Not getting the right amount of sleep can compromise brain functioning and emotional wellbeing. In addition to this, a new study indicates that for young and middle-aged adults, inadequate sleep may increase the risk of early signs of heart disease developing.

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The researchers found that extreme sleep durations and poor quality of sleep were linked with elevated coronary artery calcium levels and arterial stiffness.

The study, published in the journal Arteriosclerosis, Thrombosis and Vascular Biology, found getting too much sleep, too little sleep or poor quality sleep was associated with raised levels of calcium in the coronary arteries and arterial stiffness.

“Inadequate sleep is a common problem and a likely source of poor health, including visible signs of disease, such as heart attack,” reports co-lead author Dr. Chan-Won Kim, a clinical associate professor at Kangbuk Samsun Hospital, Sungkyunkwan University School of Medicine in Seoul, South Korea.

Several previous studies have demonstrated that sleeping for too long or not long enough is linked to an increased risk of cardiovascular disease (CVD) events. However, the association between sleep and the risk of CVD is not fully understood.

To investigate, a team of researchers set out to evaluate the cardiovascular health of individuals alongside the quality of how they slept.

A total of 47,309 young and middle-aged adults had their sleep duration and sleep quality assessed with a sleep questionnaire. Each participant also underwent a health examination to measure coronary artery calcium and arterial stiffness, two subclinical measures of CVD.

The presence of calcium in the coronary arteries indicated the presence of early coronary lesions. The researchers measured arterial stiffness by observing the speed of the pulse between the arteries of the upper arm and the ankle.

Inadequate sleep was linked to raised levels of coronary artery calcium. Participants who slept 5 or fewer hours a day had 50% more coronary artery calcium than those who reported sleeping 7 hours a day.

Likewise, participants who reported sleeping 9 or more hours a day had more than 70% more coronary artery calcium compared with those who slept 7 hours a day. Participants reporting poor quality of sleep had over 20% more coronary artery calcium than those who reported good sleep quality.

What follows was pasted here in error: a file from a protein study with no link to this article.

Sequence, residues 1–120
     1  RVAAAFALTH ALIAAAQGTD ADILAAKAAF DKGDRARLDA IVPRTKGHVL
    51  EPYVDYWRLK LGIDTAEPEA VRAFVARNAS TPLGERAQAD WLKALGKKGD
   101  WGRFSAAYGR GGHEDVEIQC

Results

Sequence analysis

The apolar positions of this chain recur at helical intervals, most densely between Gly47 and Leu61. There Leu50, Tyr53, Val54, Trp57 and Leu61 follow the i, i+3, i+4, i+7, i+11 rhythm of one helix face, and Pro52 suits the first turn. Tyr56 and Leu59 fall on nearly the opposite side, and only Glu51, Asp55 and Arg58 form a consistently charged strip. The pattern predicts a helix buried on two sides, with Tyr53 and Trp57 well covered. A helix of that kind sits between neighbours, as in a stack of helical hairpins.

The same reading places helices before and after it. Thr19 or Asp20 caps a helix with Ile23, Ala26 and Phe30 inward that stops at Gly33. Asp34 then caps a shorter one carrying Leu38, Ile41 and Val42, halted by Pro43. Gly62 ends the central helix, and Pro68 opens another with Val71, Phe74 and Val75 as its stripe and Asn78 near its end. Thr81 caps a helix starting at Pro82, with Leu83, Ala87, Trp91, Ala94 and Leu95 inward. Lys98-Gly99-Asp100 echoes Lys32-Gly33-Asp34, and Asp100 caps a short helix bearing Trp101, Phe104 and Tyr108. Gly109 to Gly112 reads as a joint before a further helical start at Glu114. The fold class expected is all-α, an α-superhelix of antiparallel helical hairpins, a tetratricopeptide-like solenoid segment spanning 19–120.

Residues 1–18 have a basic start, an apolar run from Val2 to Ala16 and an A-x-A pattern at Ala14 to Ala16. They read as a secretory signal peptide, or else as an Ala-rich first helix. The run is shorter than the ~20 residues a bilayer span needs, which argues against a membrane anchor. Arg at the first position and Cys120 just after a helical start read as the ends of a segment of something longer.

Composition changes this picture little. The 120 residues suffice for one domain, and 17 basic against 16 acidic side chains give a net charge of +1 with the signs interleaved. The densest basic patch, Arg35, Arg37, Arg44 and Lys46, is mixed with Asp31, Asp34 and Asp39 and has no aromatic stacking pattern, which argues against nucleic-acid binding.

The researchers uncovered similar findings when assessing arterial stiffness.

“Adults with poor sleep quality have stiffer arteries than those who sleep 7 hours a day or had good sleep quality,” states co-lead author Dr. Yoosoo Chang, an associate professor at Kangbuk Samsun Hospital. “Overall, we saw the lowest levels of vascular disease in adults sleeping 7 hours a day and reporting good sleep quality.”

The researchers write that several mechanisms could be behind their findings. Inadequate sleep is associated with several cardiovascular health problems such as elevated blood pressure and impaired glucose metabolism.

Previous research from the team also demonstrated that not sleeping long enough and poor sleep quality are associated with an increased risk of nonalcoholic fatty liver disease – a condition that indicates a form of fat deposition linked with CVD.

They acknowledge that the study is limited by relying on self-reporting to measure sleep duration, and that inadequate sleep could also simply reflect other underlying health issues. Despite these limitations, the researchers believe their findings highlight how important sleep is for maintaining cardiovascular health.

“For doctors, it might be necessary to assess patients’ sleep quality when they evaluate the cardiovascular risk and the health status of men and women,” Dr. Kim concludes.

Recently, Medical News Today reported on a study demonstrating that a lack of sleep could increase the risk of catching the common cold.